A novel optimization algorithm named multiscale quantum harmonic oscillator algorithm (MQHOA) is proposed in 2013 [24]. The population parameter and sampling parameter are researched in [24]. The uncertainty principle, zero energy and quantum tunnel effect of MQHOA are researched in [25]. MQHOA was inspired by the wavefunction of quantum harmonic oscillator. It tranforms the optimization problems to find the low energy state of potential . The complex objective function’s second order Taylor approximation is Harmonic oscillator potential. According to quantum theory, the wavefunction of quantum harmonic oscillator represents the distribution of optimal solution. Different spring coefficients in quantum harmonic oscillator correspond with different search scales. Different spring coefficients vary inversely with search scales.

MQHOA’s structure is elegant and pithy. It only includes two iteration processes: Quantum harmonic oscillator process (QHO process) and multiscale process (M process). The goal of optimization problem is searching the lowest energy position (where is global minimum position). QHO process simulates the quantum harmonic oscillator annealing from high energy level to ground state. In M process, MQHOA chooses decreasing with a series of 1/2 to get an increased series spring coefficient. With the same , in QHO process, MQHOA defines a new wavefunction to get sufficient sampling points in the global optimal area. The new wavefunction is defined as the summation of Gaussian probability-density functions. MQHOA’s wavefunction in scale is the sum of Gaussian probability-density functions which take as centers. It depicts the probability distribution of optimal solutions in domain. The equation can be written as

The experimental results of 15 typical two-dimensional test functions show that MQHOA performs well in finding global optima [24].

In this paper, we present a variant of MQHOA for multimodal optimization named MQHOA-MMO. Similar to PSO’s local version, in the proposed MQHOA-MMO, for each scale, every sampling point just needs to compare with the sampling points which are of the same Gaussian distribution.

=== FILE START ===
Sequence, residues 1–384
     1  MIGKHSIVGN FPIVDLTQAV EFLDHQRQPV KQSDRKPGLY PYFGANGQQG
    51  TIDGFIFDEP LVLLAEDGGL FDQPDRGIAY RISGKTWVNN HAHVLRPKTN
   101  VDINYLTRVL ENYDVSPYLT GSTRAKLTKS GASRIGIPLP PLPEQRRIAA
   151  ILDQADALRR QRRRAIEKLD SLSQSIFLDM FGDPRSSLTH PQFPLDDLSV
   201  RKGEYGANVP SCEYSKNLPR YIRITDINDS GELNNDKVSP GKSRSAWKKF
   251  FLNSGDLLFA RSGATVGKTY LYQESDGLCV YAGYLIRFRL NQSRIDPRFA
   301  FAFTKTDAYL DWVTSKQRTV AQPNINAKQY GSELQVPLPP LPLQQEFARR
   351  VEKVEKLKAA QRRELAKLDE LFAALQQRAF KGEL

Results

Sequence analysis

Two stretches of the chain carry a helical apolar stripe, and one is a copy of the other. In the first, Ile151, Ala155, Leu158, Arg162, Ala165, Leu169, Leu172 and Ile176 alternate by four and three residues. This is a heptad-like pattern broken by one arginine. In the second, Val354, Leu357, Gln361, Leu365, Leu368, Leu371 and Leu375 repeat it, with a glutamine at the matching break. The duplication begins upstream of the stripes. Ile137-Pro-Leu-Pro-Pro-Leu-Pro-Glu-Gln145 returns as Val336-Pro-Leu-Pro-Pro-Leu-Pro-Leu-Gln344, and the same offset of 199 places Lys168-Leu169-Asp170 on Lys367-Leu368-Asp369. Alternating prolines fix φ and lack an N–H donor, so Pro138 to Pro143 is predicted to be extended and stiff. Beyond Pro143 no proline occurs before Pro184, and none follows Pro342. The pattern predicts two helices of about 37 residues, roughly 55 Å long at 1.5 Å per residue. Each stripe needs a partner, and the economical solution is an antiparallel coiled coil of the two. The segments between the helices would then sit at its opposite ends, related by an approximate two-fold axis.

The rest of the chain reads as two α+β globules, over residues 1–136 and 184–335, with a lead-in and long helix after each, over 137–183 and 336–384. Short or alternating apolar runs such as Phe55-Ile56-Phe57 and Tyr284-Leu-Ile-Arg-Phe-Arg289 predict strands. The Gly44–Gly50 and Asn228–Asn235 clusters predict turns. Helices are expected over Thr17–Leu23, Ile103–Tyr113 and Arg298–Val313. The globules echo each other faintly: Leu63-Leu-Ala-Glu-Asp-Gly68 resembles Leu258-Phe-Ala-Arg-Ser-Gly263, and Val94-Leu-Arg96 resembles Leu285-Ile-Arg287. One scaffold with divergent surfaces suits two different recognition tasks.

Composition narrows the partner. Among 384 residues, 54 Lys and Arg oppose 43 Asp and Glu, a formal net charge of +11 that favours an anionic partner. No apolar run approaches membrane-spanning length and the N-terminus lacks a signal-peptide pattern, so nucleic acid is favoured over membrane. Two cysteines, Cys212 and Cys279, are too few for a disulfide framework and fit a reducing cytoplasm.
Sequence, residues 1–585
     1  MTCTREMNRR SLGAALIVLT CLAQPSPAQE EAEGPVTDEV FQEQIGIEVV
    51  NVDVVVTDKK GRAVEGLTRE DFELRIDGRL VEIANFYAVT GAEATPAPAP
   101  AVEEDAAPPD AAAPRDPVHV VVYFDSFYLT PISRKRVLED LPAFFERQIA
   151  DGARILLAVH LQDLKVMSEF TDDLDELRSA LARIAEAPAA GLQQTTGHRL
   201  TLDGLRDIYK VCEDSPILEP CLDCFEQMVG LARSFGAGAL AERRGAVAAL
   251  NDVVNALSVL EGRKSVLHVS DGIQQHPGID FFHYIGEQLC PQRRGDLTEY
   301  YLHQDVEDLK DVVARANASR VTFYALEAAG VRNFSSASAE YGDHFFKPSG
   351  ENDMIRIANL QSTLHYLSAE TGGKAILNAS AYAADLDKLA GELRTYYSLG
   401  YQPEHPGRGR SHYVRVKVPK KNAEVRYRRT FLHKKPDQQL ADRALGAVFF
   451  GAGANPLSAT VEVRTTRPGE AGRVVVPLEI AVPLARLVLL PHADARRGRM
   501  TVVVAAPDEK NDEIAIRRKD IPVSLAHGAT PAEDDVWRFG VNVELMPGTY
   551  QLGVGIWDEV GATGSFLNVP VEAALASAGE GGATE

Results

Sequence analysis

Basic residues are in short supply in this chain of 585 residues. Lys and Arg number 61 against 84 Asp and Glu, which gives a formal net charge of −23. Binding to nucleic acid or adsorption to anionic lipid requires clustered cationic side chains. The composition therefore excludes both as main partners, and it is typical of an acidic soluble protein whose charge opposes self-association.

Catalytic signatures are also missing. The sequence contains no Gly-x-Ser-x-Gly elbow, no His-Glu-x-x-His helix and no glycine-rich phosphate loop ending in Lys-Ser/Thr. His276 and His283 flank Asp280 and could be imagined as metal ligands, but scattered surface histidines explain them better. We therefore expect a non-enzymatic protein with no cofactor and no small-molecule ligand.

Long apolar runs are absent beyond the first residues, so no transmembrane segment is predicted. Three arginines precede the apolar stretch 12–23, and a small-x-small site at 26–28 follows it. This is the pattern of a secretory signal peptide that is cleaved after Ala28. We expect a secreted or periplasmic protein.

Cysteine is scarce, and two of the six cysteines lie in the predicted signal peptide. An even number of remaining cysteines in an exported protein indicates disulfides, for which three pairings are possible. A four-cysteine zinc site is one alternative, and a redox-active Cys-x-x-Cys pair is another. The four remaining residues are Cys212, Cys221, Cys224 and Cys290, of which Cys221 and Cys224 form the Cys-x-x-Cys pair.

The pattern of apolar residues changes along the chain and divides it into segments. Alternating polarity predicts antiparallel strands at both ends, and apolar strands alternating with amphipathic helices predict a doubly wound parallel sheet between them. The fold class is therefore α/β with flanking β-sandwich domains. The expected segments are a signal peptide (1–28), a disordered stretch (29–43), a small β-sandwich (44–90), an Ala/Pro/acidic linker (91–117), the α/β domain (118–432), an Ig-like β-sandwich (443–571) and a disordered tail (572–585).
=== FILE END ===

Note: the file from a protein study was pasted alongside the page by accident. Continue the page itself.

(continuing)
This paper is organized as follows. Section 2 describe the framework of MQHOA-MMO. Test functions and comparasion algorithms are presented in Section 3. The results of experiments are discussed in Section 4. Finally, Section 5 concludes the paper.

2. The Framework of MQHOA-MMO

This section presents the framework of MQHOA-MMO. We define the symbols as follows:(i) is the number of swarms and Gaussian distributions.(ii) is the number of sampling points of each Gaussian distribution.(iii) is the accuracy of optimization.(iv) is the standard deviation for all .(v) is the standard deviation for all new .(vi) is the absolute value of the difference between and .(vii) is the current scale for iteration, the initial value is defined as the domain length.(viii) is the swarm of particles such that indicates particle . is randomly generated in domain. For every , generate , which are following probability distribution . sampling positions are needed by every iteration. optimal positions are stored in .(ix) is the optimal position selected from sampling positions .(x) is the optimal position the algorithm has found.

MQHOA-MMO includes just two nested iteration processes: QHO process and M process. In MQHOA-MMO, the QHO process is nested inside the M process. The convergence conditions of QHO process and M process are and respectively. The framework of MQHOA-MMO is described in Algorithm 1.

Algorithm 1: The framework of MQHOA-MMO.

The elaborate interpretation of the framework of MQHOA-MMO is as follows:(1)Initialize , , . So . Here, we choose , , the influence of the value will be discussed in Section 4.1.(2)Randomly generate in . Calculate the standard deviation for all .(3)For each , generate , which are following probability distribution .(4)Choose the optimal position from all for each .(5)For each , . Calculate the standard deviation for all new .(6)Calculate .(7)Compare and . If , return to step (3). If , .(8)Compare and . If , return to step (3). If , return , .

According to the framework above, only two parameters ( and ) need to be set. The selection of is discussed in Section 4.1.

In framework the superposition of Gauss sampling areas constructs the wavefunction. Wavefunction written as equation (1) depicts the probability distribution of optimal solutions in domain. The changes of wavefunction in iterations are showed in Figure 5. In order to reduce the energy of system, optimal positions are retained from sampling positions. In QHO process, transforms the system from high energy state at scale to ground state at scale .

For high dimensional test functions, MQHOA-MMO can use two-dimensional array to store the high dimensional central positions of Gauss sampling area . Where is dimension, is the number of Gauss sampling areas. For every dimension, MQHOA-MMO calculates the value of and . The QHO process at scale will end until in every dimension.

3. Experimental Setup

In this section, we give a brief description of benchmark functions and comparison algorithms. Experimental setup is present at the end of this section.

3.1. Test Functions

The benchmark functions we choose are widely used in multimodal optimization. Some test functions have various characteristics, such as irregular landscape, symmetric or equal distribution of optima. The goals are thus to evaluate the ability to tackle a complicated problem, to validate its capacity to detect all the global peaks of a function. A brief description of the functions is listed in Table 1.